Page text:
Chemical Eye Injury

Last updated: August 2, 2018

What Does Chemical Eye Injury Mean?

A chemical eye injury is an injury to the eye caused by a liquid that is either too high or too low on the pH scale.

Liquids too high on the scale are known as alkali. Alkali injuries cause liquefaction necrosis, which causes cells to become less solid. Liquids too low on the scale are known as acids. Acid eye injuries cause coagulation necrosis, making the cells more solid.

Free Webinar On Demand – Safety Showers & Eyewash Stations – The Challenge of Tepid Water

Safeopedia Explains Chemical Eye Injury

Chemical eye injuries make up one to two of every 10 cases of ocular trauma.

Alkali are more commonly used in industrial settings. As a result of this, alkali eye injuries occur more frequently than acid injuries.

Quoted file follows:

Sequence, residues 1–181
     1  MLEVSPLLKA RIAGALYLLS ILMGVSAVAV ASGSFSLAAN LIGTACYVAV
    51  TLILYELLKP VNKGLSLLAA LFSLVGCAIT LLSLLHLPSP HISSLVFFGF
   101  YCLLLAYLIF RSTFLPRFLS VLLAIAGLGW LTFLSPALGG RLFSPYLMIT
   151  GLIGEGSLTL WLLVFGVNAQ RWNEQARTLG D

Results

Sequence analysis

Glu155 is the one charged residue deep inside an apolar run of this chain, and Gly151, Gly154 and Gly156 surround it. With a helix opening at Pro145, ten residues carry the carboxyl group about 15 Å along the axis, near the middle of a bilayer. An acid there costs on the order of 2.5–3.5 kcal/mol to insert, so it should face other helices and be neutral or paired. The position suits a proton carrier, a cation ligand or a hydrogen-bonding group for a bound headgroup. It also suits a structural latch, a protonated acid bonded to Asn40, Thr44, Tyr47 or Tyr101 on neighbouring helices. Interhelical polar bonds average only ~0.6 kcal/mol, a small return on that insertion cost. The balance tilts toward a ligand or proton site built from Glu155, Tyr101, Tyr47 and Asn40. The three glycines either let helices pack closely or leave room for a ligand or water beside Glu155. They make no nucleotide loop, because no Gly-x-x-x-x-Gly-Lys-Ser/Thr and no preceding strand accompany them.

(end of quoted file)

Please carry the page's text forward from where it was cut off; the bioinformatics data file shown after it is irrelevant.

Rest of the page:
Chemical eye injuries can quickly cause extensive or permanent damage. An eye exposed to a hazardous chemical should immediately be flushed out to neutralize the acid or alkali. If the burn is severe, the affected worker should continue to flush their eye until they can receive medical treatment.

When flushing the eye, it should be kept wide open to ensure that the affected eye is thoroughly washed. Anyone providing assistance to the injured employee should make sure their hands are thoroughly clean and free of hazardous substances.

Call emergency services as soon as the injury occurs.


Share This Term

  • Facebook
  • LinkedIn
  • X

Related Reading

Trending Articles

Go back to top